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Evolutionary insights have radically improved our ability to understand (explain) the natural world around us, including how we understand ourselves and our relationship to the rest of the natural world. For the past century and half, evolutionary arguments have been advanced that have looked to explain human morality as a feature of our biological origins, as a capacity or propensity endowed to us by our evolutionary history. Recent research programs within psychology, ethology, and game theory have purported to explain morality. The prolific efforts of these researchers, concentrated especially over the past two decades, has resulted in an impressive literature about the evolution of morality. It is unclear how, if at all, these research programs fit together into a coherent explanation of morality, though there is a tendency in the literature to presume such a moral synthesis that could connect these research endeavors in a meaningful way. This is the central task I seek to accomplish. First, I look for a reportive account of morality-as-explanandum, to see if there is reason to think that the explanations being proposed by these different research programs are ostensibly aiming to explain the same phenomenon. I find sufficient overlap in how the evolutionary approaches conceive of morality, namely that it is a phenomenon that includes social interactions involving behaviors often relevant to helping and hurting others, and the perception and response to these interactions involves the stimulation of an affective moral sense that is combined with rational cognitive processing and consideration of cultural elements such as values, norms, or expectations of approval or disapproval during moral judgment. While the research programs of evolutionary psychology, ethology, and evolutionary game theory are attempting to explain the same phenomenon when they talk about morality, work remains to demonstrate how the different methodological kinds of explanations could fit together. For those who adopt a unity of science view, there is a tendency to prefer explanatory reductionism or explanatory eliminativism that identifies a preferred mode of explanation and removes others. Rejecting such a tendency, I endorse a pluralistic approach that allows for multiple modes of explanation to contribute to our understanding of the same phenomenon. I detail the kinds of explanation that each of the three evolutionary approaches offers, and then argue that Pennock's CaSE pragmatic model of causation could be used to demonstrate that, in principle, the explanations of each approach can be integrated. Pluralistically weaving the explanations of each approach together yields a more robust and complete account of the causal web that has produced our biological capacities for morality. Furthermore, beyond just giving a more complete account of the causal web, integrating the approaches also helps to insulate the explanatory claims of each from some its more pressing objections. For instance, while evolutionary psychology is susceptible to critiques of adaptationism, by demonstrating that the behavioral building blocks of the proposed innate psychological intuition can be found in our phylogenetic neighbors gives reason to think that the trait has an adaptive function and has been preserved by selective pressures. Similarly, game theoretic approaches can demonstrate via models that the behavioral tendency is, in fact, adaptive and causally advantageous to reproductive success.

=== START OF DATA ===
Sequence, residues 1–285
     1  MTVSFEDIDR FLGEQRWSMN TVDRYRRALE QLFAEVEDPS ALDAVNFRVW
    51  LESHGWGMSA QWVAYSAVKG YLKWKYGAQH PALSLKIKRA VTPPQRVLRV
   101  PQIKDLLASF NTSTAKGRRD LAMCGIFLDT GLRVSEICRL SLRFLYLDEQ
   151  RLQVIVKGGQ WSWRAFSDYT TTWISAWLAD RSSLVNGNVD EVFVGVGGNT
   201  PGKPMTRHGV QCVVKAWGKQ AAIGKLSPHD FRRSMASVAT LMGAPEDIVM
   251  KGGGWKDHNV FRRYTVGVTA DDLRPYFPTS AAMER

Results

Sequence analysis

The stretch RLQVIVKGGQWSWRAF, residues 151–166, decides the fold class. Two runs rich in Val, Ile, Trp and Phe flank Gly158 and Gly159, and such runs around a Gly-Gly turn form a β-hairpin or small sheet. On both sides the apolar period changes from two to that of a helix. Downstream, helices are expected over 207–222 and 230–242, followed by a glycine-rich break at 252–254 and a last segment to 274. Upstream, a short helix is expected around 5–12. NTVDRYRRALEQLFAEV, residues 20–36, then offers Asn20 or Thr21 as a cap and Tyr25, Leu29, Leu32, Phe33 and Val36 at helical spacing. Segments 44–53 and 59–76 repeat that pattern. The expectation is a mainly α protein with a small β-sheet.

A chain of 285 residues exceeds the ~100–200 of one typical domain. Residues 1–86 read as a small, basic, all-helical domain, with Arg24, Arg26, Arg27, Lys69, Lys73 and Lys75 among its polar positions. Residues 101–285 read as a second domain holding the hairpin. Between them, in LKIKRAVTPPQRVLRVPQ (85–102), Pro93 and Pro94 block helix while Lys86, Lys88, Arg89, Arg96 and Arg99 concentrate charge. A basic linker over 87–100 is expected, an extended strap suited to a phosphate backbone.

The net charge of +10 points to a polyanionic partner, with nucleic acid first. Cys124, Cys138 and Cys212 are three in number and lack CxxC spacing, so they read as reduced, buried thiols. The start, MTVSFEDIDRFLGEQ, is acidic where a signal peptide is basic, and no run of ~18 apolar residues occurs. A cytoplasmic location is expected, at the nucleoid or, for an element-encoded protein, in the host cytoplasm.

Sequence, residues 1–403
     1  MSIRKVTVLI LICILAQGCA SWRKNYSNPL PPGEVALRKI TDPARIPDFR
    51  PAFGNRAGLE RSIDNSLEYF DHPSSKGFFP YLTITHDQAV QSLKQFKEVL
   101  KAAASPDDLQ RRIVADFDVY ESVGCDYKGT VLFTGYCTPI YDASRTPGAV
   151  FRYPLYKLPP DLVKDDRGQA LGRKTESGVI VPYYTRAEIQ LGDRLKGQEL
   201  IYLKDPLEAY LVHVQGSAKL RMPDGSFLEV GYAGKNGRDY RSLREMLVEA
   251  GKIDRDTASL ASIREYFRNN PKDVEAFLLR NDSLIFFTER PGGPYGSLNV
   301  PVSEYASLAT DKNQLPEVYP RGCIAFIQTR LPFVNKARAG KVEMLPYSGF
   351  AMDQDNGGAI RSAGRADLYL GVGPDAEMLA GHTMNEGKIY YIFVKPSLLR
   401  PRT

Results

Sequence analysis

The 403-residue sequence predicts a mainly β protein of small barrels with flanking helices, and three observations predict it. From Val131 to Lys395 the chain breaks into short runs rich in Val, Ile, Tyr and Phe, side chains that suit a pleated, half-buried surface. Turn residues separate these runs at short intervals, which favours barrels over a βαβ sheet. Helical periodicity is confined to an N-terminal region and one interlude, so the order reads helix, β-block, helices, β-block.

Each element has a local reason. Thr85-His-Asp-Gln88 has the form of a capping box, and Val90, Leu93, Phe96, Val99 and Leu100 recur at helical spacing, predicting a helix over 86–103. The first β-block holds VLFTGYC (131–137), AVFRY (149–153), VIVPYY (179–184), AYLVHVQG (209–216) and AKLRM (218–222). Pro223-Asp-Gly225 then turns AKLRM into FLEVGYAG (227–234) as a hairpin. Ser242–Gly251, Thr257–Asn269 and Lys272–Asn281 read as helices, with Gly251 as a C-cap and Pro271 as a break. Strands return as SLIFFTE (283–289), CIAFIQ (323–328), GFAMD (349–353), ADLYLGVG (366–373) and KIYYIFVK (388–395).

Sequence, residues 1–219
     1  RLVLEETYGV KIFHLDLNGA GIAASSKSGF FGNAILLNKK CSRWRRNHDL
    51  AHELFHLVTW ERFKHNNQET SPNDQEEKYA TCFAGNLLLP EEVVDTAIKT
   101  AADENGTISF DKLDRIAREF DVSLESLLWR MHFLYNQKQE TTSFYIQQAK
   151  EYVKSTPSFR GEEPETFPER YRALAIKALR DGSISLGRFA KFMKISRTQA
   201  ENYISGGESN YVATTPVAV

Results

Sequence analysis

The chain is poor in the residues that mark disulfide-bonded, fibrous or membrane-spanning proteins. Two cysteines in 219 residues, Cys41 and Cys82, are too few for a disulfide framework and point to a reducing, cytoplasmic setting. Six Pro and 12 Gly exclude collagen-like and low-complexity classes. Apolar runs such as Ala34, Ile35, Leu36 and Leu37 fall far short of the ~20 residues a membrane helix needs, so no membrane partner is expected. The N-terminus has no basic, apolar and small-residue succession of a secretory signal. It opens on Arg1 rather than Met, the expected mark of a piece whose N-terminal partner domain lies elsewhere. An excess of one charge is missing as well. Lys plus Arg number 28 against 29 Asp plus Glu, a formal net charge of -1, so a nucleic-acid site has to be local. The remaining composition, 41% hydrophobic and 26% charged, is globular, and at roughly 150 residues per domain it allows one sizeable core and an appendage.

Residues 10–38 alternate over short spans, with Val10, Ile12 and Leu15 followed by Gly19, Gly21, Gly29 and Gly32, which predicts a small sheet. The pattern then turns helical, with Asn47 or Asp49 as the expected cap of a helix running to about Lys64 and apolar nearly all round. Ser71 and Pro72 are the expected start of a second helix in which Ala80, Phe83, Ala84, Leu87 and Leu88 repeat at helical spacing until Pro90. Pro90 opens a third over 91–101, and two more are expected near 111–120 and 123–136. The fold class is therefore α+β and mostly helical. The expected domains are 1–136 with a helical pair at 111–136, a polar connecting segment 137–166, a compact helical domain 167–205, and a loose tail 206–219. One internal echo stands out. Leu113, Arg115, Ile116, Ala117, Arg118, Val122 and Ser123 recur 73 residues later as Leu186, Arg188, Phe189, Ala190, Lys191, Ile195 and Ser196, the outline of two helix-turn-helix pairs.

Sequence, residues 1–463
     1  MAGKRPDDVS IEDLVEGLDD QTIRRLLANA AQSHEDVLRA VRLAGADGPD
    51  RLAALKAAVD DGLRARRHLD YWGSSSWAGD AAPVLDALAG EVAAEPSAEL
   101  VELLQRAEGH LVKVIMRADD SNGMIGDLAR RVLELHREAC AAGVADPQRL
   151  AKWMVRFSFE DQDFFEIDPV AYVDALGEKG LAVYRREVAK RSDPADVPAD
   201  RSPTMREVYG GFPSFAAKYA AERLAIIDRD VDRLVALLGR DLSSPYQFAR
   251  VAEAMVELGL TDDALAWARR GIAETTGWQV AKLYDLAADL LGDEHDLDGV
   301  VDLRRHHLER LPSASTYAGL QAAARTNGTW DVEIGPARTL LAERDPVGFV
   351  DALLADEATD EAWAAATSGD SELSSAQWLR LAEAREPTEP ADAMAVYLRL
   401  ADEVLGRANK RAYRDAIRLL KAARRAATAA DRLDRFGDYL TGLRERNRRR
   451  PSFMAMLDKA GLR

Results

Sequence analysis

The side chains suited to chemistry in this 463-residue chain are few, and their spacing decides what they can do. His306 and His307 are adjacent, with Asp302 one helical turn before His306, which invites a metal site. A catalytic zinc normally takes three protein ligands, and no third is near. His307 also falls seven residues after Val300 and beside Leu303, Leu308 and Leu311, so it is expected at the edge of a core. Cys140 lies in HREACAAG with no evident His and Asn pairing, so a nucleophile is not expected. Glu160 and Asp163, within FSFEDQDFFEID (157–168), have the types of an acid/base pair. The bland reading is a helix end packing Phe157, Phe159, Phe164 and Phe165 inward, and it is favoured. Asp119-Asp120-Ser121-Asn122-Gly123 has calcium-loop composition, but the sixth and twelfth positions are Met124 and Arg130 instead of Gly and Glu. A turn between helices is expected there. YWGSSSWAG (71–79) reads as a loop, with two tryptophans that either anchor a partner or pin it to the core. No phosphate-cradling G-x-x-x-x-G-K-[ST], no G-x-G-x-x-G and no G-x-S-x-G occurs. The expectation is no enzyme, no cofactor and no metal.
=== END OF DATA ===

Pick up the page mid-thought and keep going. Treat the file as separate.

Category: Electronic dissertations

The Biology Of Moral Systems

Author : Richard D. Alexander
ISBN : 020236948X
Genre : Philosophy
File Size : 24.42 MB
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Despite wide acceptance that the attributes of living creatures have appeared through a cumulative evolutionary process guided chiefly by natural selection, many human activities have seemed analytically inaccessible through such an approach. Prominent evolutionary biologists, for example, have described morality as contrary to the direction of biological evolution, and moral philosophers rarely regard evolution as relevant to their discussions. The Biology of Moral Systems adopts the position that moral questions arise out of conflicts of interest, and that moral systems are ways of using confluences of interest at lower levels of social organization to deal with conflicts of interest at higher levels. Moral systems are described as systems of indirect reciprocity: humans gain and lose socially and reproductively not only by direct transactions, but also by the reputations they gain from the everyday flow of social interactions. The author develops a general theory of human interests, using senescence and effort theory from biology, to help analyze the patterning of human lifetimes. He argues that the ultimate interests of humans are reproductive, and that the concept of morality has arisen within groups because of its contribution to unity in the context, ultimately, of success in intergroup competition. He contends that morality is not easily relatable to universals, and he carries this argument into a discussion of what he calls the greatest of all moral problems, the nuclear arms race. "Crammed with sage observations on moral dilemmas and many reasons why an understanding of evolution based on natural selection will advance thinking in finding practical solutions to our most difficult social problems." Annals of the American Academy of Political and Social SciencesRichard D. Alexander is Donald Ward Tinkle Professor of Evolutionary Biology, Department of Biology, and Curator of Insects, Museum of Zoology, University of Michigan. A recipient of numerous awards, Dr. Alexander is the author of Darwinism and Human Affairs.
Category: Philosophy

A Natural History Of Human Morality

Author : Michael Tomasello
ISBN : 9780674915879
Genre : Psychology
File Size : 31.78 MB
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Michael Tomasello offers the most detailed account to date of the evolution of human moral psychology. Based on experimental data comparing great apes and human children, he reconstructs two key evolutionary steps whereby early humans gradually became an ultra-cooperative and, eventually, a moral species capable of acting as a plural agent “we”.
Category: Psychology